The birds are singing. The trees have little green flappy things on them again. Children have come out of hibernation. For ‘tis springtime, when any right-thinking man's mind ought to turn to one thing - gardening.
It's also the time of year when the big money hits the cultivation scene, with both the Harrogate Flower Show and Chelsea Flower Show doing their bit to make having dirty fingernails and aching knees oh-so-fashionable.
Obviously with this being the future, you don't want to just blunder out there with your dibber in your hand and no clue as to what should be poked in and where. You need to know the basics. And if you already know the basics thanks to having an enthusiastic dad, you need to know more advanced gardening techniques to ensure you can laugh at those struggling with the basics.
You won't be able to produce apples on the sort of industrial scale that Tesco demands, but, with the help of some of the best gardening smartphone apps out there today, you should at least be able to manage to produce something a bit more impressive than cress.
Before you get down to the tedious act of actually digging, planting, watering and preying to the gods to let your seeds actually germinate and turn into something resembling living things, you might want to check out where to actually put your seeds first.
Sun Seeker generates an augmented reality overlay of the sun's position, so you can identify sunny and shady spots of your patch - and allocate plant positions according to their lighting needs. Get this right and your chances of success are higher before the soil’s even been broken.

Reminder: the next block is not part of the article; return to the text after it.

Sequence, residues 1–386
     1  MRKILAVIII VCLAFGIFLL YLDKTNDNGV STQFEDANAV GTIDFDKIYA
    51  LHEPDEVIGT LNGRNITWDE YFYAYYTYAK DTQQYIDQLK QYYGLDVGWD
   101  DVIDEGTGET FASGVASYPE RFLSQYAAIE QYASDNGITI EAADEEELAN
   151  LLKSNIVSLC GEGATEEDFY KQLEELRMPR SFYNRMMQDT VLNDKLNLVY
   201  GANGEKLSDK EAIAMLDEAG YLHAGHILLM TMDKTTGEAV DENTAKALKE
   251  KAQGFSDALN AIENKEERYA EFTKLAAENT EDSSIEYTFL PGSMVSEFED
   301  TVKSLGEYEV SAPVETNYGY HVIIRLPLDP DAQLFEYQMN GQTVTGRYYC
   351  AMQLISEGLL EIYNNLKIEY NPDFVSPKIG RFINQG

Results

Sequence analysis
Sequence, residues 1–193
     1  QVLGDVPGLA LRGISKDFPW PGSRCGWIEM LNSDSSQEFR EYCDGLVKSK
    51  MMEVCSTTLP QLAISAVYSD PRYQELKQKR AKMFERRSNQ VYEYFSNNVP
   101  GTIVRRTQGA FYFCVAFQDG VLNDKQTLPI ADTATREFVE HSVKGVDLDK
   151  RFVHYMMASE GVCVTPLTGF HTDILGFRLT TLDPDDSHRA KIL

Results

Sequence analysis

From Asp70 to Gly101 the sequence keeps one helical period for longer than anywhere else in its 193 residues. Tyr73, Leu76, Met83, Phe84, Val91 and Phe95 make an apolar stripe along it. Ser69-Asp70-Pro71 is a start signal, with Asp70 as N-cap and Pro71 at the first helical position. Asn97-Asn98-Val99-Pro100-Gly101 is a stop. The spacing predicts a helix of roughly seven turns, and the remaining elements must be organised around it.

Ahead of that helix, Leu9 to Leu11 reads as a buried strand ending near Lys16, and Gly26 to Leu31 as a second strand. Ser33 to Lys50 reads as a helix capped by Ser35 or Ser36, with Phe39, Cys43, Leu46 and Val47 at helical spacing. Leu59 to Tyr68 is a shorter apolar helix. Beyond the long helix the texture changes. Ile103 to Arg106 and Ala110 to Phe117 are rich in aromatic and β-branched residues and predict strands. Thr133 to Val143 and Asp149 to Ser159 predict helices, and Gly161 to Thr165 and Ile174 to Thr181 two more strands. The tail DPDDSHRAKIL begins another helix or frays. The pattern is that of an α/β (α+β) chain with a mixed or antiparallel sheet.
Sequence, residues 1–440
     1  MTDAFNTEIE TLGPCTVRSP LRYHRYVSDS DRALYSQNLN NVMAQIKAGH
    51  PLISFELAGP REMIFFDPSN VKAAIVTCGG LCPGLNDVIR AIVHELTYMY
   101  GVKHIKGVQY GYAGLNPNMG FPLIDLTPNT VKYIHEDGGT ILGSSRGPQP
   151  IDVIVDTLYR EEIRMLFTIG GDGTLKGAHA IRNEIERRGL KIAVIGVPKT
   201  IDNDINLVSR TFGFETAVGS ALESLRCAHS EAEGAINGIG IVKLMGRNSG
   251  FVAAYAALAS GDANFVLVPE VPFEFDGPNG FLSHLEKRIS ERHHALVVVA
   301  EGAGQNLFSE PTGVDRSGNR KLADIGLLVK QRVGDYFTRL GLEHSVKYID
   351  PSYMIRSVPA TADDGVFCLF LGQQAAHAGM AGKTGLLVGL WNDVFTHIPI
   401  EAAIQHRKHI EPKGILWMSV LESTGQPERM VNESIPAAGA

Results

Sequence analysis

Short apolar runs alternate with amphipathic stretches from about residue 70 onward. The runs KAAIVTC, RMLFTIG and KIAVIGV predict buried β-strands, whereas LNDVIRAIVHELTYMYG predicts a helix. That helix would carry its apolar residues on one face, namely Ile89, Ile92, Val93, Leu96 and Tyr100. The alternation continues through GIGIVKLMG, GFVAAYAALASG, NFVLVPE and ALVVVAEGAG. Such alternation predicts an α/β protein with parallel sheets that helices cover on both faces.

One of the prettiest apps for gardeners, Gardenate incorporates everything you need to get your carrots pointing the right way up and your beans the fashionable length.
Its most critical feature is a gardening calendar, letting you know when most types of common plants like to be planted, as if you plant a summer veg in the cold British spring you're going to be left with an embarrassing withered mess. It also gives you space to record your own notes in its 'My Garden' section, so you can track the progress of your stuff and estimate the date of your bountiful harvest.
This one's a clever little interactive calendar, which lets you automate the tiresome process of having to remember to do things.
It lets you set custom alarms to remind you when to water thirsty pot plants, also providing a growth chart if you're bored enough that you want to measure your seedlings and generate a graph illustrating just how quickly they’ve been shooting up. There's also a bizarre photo diary feature, should you want a permanent memory of a carrot you grew particularly fond of.
This one mirrors the sort of basic advice you get printed on seed packets, telling you when's the right time of year to literally sow your wild oats, complete with approximate harvest time and rough maintenance advice.
It also comes with an editable notes field, so you can add your own little observations, tweaks and tips, gradually building up your experiences of what does and doesn't work for you.